28 May 2009


On Sunday 24th May, we walked at Olinda, through the Dandenong Ranges National Park and the RJ Hamer Arboretum. You can see the map by clicking here. It was SJ’s birthday present to herself: a triumphant return to conquer the Walk o’ Doom!

View from the start of the walk, 9:30am.

Me and DB give this the thumbs up already! (Photo by SJ)

The route follows unsealed tracks and unsealed footpaths, it includes some steep ascents and descents. Although it is only 14km long, I would rate it as one of the more difficult walks we’ve done. This is mainly due to the constant climbing/descending: there is very little distance covered over flat ground. It is also to do with walking on bush tracks and footpaths, which are often uneven, slippery with wet leaves, or obstructed by fallen branches and overhanging foliage – it takes a lot of mental energy to continuously pay attention to where you’re walking. I slipped over at the start of the walk, landing on my bum and pack (good reason to have a nice big pack, to buffer the landing) jarring my shoulder and bruising my hand. Going down steep hills is hard!

I think this was just before I fell over! (Photo by SJ)

Board track, beside the grounds of Silvan Reservoir

The other reason I’d rate this harder than average is that the Melways maps, the maps from Parks Victoria and Google Maps often don’t match up, or show conflicting information, thus some small amount of navigational skill is needed to route find. For what it’s worth, if you are going with one map only, I’d use the Parks Victoria one because although it doesn’t show all the tracks, the ones it does show are in the right places. I love maps.

Yes, I do like maps! (Photo by SJ)

We crossed paths with two or three small groups of bushwalkers, and amused ourselves by talking about feral park rangers turned cannibal jumping out and attacking bushwalkers with chainsaws. THAT WAS FUN. We also talked about how if you were going to eat a member of your party, you would totally start with their arms, so they could still walk. Ummm . . . *shifty eyes* WE'RE NOT REALLY THAT CREEPY, I SWEAR! OK, maybe a bit. Anyway! We saw a shitload of bikers going down hills at top speed. That way lies broken collarbones, people! DON'T DO IT! We also gave directions to a couple of chaps who were strolling around clutching bottles of beer - we knew we were getting close to the end when we started seeing people in jeans walking around! However, for the most part this was a gloriously quiet walk, with just us, the trees, the ferns, the birds and the water to make noise.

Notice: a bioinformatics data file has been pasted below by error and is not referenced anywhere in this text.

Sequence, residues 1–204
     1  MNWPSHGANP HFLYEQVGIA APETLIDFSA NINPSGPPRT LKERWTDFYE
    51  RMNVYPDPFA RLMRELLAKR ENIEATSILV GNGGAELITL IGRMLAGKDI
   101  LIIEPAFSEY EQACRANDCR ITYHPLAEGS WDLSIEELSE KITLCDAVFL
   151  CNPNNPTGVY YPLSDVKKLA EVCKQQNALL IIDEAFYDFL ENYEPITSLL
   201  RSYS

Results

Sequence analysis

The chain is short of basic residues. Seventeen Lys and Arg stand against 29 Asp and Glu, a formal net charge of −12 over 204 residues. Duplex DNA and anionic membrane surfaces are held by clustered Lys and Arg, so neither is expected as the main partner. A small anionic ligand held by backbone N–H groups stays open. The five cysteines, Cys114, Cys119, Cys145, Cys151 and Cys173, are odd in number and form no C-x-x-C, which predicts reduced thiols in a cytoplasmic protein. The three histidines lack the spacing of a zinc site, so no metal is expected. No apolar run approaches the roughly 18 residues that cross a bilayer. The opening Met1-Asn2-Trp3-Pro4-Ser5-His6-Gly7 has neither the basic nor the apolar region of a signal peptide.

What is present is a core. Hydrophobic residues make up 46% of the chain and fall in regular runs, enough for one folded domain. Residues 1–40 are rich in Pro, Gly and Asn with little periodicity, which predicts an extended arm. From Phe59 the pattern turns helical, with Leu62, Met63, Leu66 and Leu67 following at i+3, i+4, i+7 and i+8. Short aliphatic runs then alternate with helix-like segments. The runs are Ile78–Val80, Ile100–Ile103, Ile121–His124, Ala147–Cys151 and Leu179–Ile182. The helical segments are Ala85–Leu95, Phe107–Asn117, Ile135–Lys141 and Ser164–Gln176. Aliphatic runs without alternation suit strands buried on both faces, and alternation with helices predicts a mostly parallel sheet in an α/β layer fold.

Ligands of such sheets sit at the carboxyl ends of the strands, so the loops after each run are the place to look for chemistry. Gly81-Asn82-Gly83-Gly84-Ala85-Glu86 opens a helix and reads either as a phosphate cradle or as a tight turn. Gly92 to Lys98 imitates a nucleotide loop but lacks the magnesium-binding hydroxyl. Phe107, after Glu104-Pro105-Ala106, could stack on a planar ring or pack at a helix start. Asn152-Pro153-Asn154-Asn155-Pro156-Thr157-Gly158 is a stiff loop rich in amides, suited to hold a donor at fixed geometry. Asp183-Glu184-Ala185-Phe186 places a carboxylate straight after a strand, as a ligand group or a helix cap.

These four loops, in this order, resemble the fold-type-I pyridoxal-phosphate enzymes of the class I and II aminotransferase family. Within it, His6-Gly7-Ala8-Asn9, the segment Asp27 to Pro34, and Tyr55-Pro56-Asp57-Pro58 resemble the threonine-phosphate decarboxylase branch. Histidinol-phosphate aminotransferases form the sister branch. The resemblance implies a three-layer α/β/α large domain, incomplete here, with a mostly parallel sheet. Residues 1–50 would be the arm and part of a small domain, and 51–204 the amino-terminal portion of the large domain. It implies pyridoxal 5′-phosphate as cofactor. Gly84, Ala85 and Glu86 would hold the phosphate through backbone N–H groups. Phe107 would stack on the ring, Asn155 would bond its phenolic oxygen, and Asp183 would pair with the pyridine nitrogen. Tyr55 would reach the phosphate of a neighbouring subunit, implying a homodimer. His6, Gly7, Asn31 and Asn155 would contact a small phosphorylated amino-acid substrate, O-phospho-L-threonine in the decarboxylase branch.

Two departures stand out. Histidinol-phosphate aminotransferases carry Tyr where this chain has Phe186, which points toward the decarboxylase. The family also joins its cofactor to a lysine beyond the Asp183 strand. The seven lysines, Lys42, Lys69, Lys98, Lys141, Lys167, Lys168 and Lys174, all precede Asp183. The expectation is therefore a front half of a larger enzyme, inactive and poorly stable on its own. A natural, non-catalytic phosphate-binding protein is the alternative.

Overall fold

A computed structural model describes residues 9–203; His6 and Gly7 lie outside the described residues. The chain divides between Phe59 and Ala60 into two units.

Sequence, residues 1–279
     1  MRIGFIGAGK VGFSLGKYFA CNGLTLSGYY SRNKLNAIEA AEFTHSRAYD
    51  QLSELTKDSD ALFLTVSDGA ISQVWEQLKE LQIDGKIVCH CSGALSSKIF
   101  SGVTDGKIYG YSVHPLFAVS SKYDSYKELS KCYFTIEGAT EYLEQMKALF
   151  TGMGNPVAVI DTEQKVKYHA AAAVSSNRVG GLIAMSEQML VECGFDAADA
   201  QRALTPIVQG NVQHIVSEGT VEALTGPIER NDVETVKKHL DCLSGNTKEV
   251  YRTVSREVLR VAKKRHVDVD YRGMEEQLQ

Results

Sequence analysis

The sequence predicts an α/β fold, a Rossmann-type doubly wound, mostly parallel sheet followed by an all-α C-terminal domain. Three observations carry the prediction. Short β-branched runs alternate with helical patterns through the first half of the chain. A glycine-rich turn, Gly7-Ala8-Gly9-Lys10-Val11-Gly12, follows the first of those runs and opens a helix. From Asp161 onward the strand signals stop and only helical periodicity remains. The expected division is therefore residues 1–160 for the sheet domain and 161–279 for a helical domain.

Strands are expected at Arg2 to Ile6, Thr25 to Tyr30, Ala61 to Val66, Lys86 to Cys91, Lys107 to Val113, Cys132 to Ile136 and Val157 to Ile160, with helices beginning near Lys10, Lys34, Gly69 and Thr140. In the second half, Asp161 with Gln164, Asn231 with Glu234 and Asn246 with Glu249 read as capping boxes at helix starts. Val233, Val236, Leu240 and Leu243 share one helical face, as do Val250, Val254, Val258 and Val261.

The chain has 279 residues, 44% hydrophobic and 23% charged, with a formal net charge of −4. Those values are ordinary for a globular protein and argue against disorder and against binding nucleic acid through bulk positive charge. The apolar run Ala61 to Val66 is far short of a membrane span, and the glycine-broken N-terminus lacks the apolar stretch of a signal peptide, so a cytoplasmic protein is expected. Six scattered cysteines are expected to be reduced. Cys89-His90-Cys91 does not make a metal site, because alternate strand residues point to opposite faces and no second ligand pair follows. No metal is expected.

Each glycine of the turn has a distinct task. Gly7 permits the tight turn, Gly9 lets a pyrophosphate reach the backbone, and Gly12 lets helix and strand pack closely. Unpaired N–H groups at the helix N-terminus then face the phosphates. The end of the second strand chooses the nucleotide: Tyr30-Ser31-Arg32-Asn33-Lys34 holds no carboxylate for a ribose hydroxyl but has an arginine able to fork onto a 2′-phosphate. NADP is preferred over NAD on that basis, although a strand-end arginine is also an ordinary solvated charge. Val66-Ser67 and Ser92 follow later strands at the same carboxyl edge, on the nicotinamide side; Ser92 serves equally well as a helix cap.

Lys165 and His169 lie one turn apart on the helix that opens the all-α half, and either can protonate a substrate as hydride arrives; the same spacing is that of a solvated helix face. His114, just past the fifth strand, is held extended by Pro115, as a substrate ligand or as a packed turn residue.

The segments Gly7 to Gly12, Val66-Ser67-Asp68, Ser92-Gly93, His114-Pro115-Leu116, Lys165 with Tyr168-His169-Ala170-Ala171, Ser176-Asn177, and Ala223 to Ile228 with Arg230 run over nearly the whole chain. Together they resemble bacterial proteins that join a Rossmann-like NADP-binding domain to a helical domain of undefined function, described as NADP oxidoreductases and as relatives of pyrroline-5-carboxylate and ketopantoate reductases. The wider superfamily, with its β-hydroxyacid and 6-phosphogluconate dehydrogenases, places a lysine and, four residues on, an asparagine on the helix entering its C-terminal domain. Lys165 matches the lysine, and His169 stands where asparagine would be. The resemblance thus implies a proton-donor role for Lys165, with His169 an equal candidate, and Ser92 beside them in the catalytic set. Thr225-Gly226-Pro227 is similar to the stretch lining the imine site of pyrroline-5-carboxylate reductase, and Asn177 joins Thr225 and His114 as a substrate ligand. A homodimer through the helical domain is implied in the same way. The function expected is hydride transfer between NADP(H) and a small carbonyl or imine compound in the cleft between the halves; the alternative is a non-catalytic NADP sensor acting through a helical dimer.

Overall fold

DB with a tall tree

Last time we walked here, we were absolutely knackered at the end, and went to E’s mum’s place and fell asleep on the couch! This time we did a longer route (14km instead of about 11km), and I think we avoided the very steepest section of last time. Mind you, it was still rather steep in parts!

Note the sweat! It was pretty steep!

We definitely noticed an improvement in our endurance and recovery, though, because this time we were not completely wiped out, and in fact still had the energy to sing Beatles songs at the top of our lungs (substituting lyrics to make them even creepier than they are) on the way home. It’s nice to know that we’re getting better, especially as D & I were carrying our big packs this time (full of phone books!)

D & SJ heading uphill after lunch.

In conclusion, this walk is highly recommended, especially in autumn as the leaves from the deciduous trees in the arboretum are changing and falling (I’d suggest April-May as a guide). It is lovely to see the contrasts between the drier bush, the rainforest in the creeks and the European/Asian/American trees on the slopes. This walk has gorgeous views at the start and also climbing out of the valley at the end, and gives a great sense of accomplishment to complete.

View back over walk and valley (Photo by SJ)

View back over the arboretum and national park

I would recommend a shorter walk (down to Valley Picnic Ground and back, or a less steep route involving driving to the bottom of the valley) to people who don’t have a moderate level of fitness. You need to take ample food and drinking water, as none of the water en route is potable. There are BBQ and toilet facilities at the start/end and at Valley Picnic Ground. The walk is not PT accessible, and is not wheelchair, scooter or pram accessible.

SUCCESS! Us at the end of the walk!

More of my photos can be found by clicking here.

SJ’s new camera can be seen in action by clicking here.

Happy birthday, SJ!

26 May 2009


Judith Collard (University of Otago)

"Mixing History and Science in the Maps and Diagrams in Matthew Paris and Ranulph Higden's illuminated chronicles."